But now we have effectively unlimited memory, cpu and disk. Our units of measurement are in the billions. It is also virtually certain that the programmer who writes the code to generate a message knows more about the situation than the user who is going to be receiving the message. So why throw your hands up with some terse mumbo jumbo instead of doing something about it? Feel free to use those billions of units of memory, cpu and disk that are mostly unused at any moment. Good programmers now are ones whose code meets the users' goals. (Hint: approximately zero users have a goal of having to copy a message into Google and then wading through pages of results until an obscure solution appears to work.)
Here is a case study on trying to install a package:
(Reading database ... 90%dpkg: unrecoverable fatal error, aborting: files list file for package `libc6' contains empty filename E: Sub-process /usr/bin/dpkg returned an error code (2) A package failed to install. Trying to recover:
How many users of dpkg went out and created a package with an empty filename? Zero is a good answer. Anyone getting this message is not the cause of the problem so why are they being told. How about ignoring the empty filename? Or how about automatically running a tool that rebuilds whatever database it is, omitting the empty filename that is such a source of grief to the dpkg programmer? Heck there are many good solutions, but none of them involve what happened there.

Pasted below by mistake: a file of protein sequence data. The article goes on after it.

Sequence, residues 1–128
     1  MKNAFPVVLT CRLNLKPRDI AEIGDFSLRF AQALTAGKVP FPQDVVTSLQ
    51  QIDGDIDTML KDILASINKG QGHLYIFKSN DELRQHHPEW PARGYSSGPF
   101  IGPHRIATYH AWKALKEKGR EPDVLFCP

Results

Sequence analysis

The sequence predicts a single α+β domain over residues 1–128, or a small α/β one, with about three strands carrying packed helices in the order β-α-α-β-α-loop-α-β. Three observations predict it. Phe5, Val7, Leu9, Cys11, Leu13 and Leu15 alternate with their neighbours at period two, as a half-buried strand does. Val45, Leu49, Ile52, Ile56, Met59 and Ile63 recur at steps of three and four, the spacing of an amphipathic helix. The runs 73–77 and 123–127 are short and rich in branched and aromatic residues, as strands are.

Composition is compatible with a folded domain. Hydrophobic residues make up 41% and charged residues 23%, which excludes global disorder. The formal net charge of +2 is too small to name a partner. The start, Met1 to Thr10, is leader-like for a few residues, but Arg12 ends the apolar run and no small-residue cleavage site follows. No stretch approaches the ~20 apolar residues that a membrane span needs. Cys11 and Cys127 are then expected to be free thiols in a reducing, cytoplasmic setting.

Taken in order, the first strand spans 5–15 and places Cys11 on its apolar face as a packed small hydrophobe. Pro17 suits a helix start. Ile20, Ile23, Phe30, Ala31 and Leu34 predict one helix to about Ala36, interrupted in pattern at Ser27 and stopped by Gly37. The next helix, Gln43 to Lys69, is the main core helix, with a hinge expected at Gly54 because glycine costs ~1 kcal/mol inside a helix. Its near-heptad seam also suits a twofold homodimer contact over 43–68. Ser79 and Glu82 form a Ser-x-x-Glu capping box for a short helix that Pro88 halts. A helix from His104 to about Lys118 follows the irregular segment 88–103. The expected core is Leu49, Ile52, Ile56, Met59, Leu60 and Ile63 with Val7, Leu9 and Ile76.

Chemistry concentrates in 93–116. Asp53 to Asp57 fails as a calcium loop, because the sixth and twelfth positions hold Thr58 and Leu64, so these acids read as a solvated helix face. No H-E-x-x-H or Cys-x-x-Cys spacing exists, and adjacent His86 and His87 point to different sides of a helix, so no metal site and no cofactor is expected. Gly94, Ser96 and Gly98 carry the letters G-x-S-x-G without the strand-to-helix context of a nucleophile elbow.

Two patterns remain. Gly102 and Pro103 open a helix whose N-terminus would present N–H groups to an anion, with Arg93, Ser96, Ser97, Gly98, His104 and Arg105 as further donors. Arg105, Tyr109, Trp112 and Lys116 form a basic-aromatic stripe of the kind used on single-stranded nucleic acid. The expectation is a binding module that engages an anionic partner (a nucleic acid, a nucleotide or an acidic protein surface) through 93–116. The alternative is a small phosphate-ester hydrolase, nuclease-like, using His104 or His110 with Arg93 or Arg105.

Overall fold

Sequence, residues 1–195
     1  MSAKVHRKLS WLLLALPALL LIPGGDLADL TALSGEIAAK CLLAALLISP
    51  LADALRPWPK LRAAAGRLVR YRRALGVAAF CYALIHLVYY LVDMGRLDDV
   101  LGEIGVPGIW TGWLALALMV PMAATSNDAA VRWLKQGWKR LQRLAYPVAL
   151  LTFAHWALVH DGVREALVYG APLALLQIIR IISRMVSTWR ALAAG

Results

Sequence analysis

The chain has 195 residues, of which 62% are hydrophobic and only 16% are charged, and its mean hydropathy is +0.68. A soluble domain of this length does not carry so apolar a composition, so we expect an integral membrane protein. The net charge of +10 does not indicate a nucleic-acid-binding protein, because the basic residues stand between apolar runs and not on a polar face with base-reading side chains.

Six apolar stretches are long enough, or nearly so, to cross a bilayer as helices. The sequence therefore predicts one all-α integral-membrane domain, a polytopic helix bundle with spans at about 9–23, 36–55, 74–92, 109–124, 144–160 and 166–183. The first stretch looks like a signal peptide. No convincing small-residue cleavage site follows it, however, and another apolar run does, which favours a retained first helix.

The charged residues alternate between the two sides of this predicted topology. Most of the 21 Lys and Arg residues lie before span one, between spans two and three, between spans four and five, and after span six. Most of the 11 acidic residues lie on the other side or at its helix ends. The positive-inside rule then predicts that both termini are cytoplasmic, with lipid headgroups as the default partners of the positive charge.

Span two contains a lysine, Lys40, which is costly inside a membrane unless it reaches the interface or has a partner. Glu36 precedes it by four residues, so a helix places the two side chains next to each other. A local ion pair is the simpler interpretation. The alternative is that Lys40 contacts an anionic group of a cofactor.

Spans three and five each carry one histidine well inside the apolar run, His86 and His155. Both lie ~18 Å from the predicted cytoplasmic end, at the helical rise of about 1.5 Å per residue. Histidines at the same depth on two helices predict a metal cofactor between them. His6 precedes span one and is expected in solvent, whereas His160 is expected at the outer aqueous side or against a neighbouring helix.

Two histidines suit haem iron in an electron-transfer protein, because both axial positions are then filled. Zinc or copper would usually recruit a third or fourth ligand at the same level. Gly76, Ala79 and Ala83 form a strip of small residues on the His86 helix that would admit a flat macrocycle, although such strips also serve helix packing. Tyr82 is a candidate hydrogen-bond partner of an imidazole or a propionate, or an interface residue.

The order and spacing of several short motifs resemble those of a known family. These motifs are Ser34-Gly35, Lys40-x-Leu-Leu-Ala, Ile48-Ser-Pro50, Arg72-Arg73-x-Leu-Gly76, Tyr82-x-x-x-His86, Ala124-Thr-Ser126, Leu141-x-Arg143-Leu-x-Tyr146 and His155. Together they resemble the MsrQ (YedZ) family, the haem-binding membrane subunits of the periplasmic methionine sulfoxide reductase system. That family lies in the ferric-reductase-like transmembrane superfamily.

If you are at all geeky then NLee the Engineer does fantastic product reviews on Amazon. They are usually about batteries and torches, and are disassembled, measured etc. He'll even wait months to verify that low self discharge batteries are indeed that.
I have one of the panes of my Android phone launcher filled with icons for Google products. Finally getting on + meant I had to delete one to make space for the Google+ app icon.
It ultimately turned out to be an easy decision - I dumped Voice Search in the bin. Voice recognition, be it Google's or the ones companies use for their phone systems always seem to be an elaborate practical joke to me with their accuracy indistinguishable from picking random words. It never saves time or interaction. Everyone I ask says substantially the same thing, yet they must work for someone somewhere else why bother?